Late yesterday came word that Bank of America was close to a settlement whereby a whopping $8.5 billion will be paid out to institutional investors holding toxic mortgage-backed securities peddled by Countrywide Financial, which BofA took over in 2008. This is the biggest settlement to date over claims arising from the subprime mortgage boom that helped precipitate the near-meltdown of financial markets three years ago.
[update 07-05-11: The price tag may go higher. Today a court filing on behalf of an investor group called Walnut Place challenged the proposed settlement for "the secret, non-adversarial and conflicted way in which [it] was negotiated." The Walnut Place investors want to opt out and pursue recourse separately, feeling that the $8.5 billion for a class-action suit is not enough.]
The deal follows the bank's settlements earlier this year with Fannie Mae and Freddie Mac (for $2.8 billion) and Assured Guaranty Ltd. ($1.1 billion). As of March 31, Bank of America was seriously under-reserved for an outcome of this magnitude, with a provision for representations and warranties of just $1 billion (scroll to page 22 here). The latest settlement wipes that away, plus all year-do-date earnings as well. In addition to the $8.5 billion payout, the company will set aside $5.5 billion to rebuild the aforementioned reps-and-warranties reserve (because yes, Mathilda, there are more claims coming). And it doesn't stop there. According to a statement:
The company also expects to record $6.4 billion in other mortgage-related charges in the second quarter of 2011, including a non-cash, non-tax deductible impairment charge of $2.6 billion to write off the balance of goodwill in the Consumer Real Estate Services business, as well as charges related to additional litigation costs, a write-down in the value of mortgage servicing rights, and additional assessment and waiver costs for compensatory fees associated with foreclosure delays.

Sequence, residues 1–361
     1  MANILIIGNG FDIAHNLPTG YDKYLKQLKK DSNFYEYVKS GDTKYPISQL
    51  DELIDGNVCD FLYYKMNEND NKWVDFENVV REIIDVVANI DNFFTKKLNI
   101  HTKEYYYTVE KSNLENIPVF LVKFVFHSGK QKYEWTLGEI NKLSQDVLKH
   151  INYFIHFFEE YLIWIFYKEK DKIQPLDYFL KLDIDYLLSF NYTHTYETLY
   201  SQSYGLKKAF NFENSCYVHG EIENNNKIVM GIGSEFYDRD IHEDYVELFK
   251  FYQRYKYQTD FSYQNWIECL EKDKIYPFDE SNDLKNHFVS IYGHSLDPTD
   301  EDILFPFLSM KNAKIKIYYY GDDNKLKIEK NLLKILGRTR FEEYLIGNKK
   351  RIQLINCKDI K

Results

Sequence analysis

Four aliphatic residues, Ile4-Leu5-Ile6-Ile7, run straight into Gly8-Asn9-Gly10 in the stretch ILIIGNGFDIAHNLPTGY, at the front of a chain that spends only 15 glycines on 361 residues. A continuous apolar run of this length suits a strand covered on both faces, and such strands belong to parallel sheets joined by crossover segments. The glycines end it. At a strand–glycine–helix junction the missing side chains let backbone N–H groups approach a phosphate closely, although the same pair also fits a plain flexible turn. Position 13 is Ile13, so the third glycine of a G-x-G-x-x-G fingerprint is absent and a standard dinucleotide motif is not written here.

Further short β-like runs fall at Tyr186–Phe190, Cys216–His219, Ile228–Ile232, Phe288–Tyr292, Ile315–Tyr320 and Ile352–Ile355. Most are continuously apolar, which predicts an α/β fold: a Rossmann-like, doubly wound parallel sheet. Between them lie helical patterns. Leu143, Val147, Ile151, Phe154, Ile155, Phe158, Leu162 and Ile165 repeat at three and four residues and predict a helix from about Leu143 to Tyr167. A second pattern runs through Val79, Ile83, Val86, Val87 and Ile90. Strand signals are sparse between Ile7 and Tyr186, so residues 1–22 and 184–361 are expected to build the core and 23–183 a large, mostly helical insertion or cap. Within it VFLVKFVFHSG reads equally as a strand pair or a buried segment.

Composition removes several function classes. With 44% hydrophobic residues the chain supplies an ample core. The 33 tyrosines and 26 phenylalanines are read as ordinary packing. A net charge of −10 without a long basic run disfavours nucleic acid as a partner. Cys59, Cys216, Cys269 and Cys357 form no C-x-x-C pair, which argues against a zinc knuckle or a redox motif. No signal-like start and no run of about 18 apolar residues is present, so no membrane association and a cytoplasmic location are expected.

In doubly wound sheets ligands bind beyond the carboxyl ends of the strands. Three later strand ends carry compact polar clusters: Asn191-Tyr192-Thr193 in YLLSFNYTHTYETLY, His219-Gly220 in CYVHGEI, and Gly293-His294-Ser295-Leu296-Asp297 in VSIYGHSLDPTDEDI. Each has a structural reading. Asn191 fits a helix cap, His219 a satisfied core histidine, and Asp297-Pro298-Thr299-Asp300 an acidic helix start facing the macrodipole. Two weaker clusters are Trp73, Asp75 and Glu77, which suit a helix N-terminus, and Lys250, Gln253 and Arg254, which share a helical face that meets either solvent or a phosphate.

Add all those items together, and the total damage to the company's balance sheet is over $20 billion. Not even Jamie Dimon makes that much.
Karl Denninger points out that $20 billion is a hefty 12% of BofA's market capitalization (share price multiplied by share count). And the litigation is not over. BofA and other lenders are currently negotiating with the 50 state attorneys general and the feds regarding shoddy lending practices and abusive foreclosures. The bill for those transgressions may add up to as much as $20 billion industry-wide. The MainePERS investment portfolio continues to hold 2.5 million shares of Bank of America common stock and almost a million shares of another highly exposed bank, Dimon's own JP Morgan Chase (see below). The share prices of those two are in serious downward trajectories as the hedgies are fleeing in droves.
While MainePERS portfolio managers sit on their hands.
Maine Treasurer Bruce Poliquin referred my letter of June 18th to MainePERS, from whom I have received the following reply:
Sandy Matheson, Executive Director
Maine Public Employees Retirement System